G20 to tackle US-China currency concerns
Leaders of the G20 group of major economies have agreed to avoid "competitive devaluation" of currencies after talks concluded in the South Korean capital, Seoul.
Leaders agreed to come up with "indicative guidelines" to tackle trade imbalances affecting world growth.
Tensions had been high between some delegations over how to correct distortions in currency and trade.
But the agreement fell short of a US push to limit trade deficits.
Some fear the conflict, chiefly between China and the US, may threaten global growth.
US President Barack Obama said there should be no controversy about fixing imbalances "that helped to contribute to the crisis that we just went through".
"Exchange rates must reflect economic realities," he said.
"Emerging economies need to allow for currencies that are market-driven. This is something that I raised with President Hu of China and we will closely watch the appreciation of China's currency."
Washington says that China's currency, the yuan, is artificially weak and gives Chinese exporters an unfair advantage as well as leading to Beijing amassing huge foreign reserves.
However, Chinese officials argue that Beijing has an "unswerving" commitment to reform its currency regime, but that global economic stability is needed to achieve it.
UK Prime Minister David Cameron said progress was being made on the issue of imbalances.
"Slowly, slowly China is moving into a position of actually increasing domestic consumption, rebalancing its economy," he said.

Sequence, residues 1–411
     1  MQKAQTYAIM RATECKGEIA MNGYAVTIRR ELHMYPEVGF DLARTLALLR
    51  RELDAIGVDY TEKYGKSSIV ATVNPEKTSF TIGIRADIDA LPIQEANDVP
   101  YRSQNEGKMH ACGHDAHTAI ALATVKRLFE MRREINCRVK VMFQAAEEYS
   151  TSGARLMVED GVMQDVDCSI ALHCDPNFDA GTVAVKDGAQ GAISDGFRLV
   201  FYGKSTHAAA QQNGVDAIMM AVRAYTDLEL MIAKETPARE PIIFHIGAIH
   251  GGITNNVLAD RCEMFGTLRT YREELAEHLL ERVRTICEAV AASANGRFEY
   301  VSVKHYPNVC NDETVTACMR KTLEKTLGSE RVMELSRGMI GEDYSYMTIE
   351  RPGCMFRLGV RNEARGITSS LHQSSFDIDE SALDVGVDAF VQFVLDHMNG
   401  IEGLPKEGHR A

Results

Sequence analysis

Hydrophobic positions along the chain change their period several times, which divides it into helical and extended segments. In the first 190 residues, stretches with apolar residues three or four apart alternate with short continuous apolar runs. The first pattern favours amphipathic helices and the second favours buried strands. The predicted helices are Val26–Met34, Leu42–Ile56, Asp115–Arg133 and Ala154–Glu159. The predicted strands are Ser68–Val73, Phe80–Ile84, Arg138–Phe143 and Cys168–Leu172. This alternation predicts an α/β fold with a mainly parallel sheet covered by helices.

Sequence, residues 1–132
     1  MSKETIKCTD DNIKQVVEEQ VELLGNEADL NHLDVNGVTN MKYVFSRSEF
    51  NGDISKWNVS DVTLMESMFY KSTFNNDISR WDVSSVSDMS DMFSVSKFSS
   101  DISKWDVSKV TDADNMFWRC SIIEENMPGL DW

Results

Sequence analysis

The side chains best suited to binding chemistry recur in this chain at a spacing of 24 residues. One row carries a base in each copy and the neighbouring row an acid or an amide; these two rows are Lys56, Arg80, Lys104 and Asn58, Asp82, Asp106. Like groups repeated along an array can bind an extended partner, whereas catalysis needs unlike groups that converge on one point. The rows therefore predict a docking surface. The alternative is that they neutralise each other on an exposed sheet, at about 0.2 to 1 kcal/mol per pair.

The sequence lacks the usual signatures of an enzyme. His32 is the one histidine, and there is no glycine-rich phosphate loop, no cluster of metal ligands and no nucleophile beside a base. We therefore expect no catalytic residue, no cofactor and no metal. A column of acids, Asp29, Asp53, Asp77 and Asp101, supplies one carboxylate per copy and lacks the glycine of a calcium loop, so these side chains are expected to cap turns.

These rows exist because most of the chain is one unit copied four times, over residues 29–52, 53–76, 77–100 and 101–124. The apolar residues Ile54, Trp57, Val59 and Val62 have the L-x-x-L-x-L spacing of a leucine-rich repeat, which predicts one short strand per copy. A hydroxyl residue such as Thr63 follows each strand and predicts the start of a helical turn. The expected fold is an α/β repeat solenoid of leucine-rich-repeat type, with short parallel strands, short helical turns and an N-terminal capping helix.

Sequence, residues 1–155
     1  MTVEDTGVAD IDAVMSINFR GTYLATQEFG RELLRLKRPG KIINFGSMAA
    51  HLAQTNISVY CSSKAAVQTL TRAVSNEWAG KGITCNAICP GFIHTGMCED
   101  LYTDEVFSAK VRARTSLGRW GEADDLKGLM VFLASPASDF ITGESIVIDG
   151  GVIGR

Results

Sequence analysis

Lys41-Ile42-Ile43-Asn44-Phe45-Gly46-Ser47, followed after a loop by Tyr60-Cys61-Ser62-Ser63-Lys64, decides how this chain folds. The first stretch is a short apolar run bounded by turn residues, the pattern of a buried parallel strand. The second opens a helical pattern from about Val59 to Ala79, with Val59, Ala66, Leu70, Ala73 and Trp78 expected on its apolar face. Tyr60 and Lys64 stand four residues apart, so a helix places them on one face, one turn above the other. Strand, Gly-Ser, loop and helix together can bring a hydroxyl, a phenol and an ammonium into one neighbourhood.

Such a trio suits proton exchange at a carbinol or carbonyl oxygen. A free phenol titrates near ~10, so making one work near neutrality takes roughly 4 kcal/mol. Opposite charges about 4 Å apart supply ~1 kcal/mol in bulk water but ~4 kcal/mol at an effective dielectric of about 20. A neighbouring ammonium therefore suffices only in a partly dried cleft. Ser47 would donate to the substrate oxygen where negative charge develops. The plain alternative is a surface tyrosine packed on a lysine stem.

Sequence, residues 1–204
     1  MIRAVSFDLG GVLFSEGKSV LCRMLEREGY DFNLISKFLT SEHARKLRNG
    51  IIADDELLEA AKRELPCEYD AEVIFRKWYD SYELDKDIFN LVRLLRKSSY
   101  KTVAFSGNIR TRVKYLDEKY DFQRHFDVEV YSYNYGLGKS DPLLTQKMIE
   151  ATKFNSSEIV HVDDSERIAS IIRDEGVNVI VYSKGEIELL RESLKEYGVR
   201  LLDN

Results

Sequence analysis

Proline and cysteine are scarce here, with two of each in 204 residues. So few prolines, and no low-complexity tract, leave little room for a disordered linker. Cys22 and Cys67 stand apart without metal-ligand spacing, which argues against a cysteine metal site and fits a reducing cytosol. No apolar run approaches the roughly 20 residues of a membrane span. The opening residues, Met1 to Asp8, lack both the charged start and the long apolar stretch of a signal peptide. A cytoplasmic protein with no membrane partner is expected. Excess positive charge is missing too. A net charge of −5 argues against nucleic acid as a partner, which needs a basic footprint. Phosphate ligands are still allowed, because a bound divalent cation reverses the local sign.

However, the agreement to develop new guidelines to prevent so-called "currency wars" fell well short of the 4% limit on national trade deficits and surpluses proposed by the US, which had been blocked by China and Germany - the world's two largest exporters.
"This was never going to be solved overnight," Mr Cameron added.
And South Korea President Lee Myung-Bak admitted that "on the foreign exchange rate issue, principles were agreed at the finance ministers' meeting, but there was no word on when and up to how much we will implement them".
The G20 leaders also gave their backing to reforms designed to give emerging economies such as China a bigger say in the International Monetary Fund.
In their communique, leaders said they were delivering "a modernised IMF that better reflects the changes in the world economy through greater representation of dynamic emerging markets and developing countries".
UK sources say that officials from the UK, France and Russia had to be called in the early hours of this morning after "fractious" negotiations between China and the US broke down in "acrimony".
But at the end of the summit, the European Union said in a statement that it was "satisfied" with the outcome.
The G20 also committed itself to completing soon the long-running Doha Development Round of global trade talks, saying that 2011 presented a "critical window of opportunity, albeit narrow" to conclude the discussions.
And it signed the Seoul Development Consensus for Shared Growth, committing it to work in partnership with other developing countries on trade, development and investment.
Meanwhile, the UK, France, Germany, Italy and Spain issued a joint declaration to try to calm bond market jitters over a possible future EU bail-out fund.
As Irish bond yields reached a fresh high, leaders discussed the Irish Republic's debt crisis amid concerns that the European Union will have to step in.
"Any new [bail-out] mechanism would only come into effect after mid-2013 with no impact whatsoever on the current arrangements," finance ministers from the five countries said in the declaration.
The statement seemed to have an impact on the bond market, with Irish bond yields dropping to 8.2%, down from the record high of 8.95% reached on Thursday.
But world stock markets fell in Friday trading as investors worried about Irish government debt, as well as possible measures in China to tackle inflation.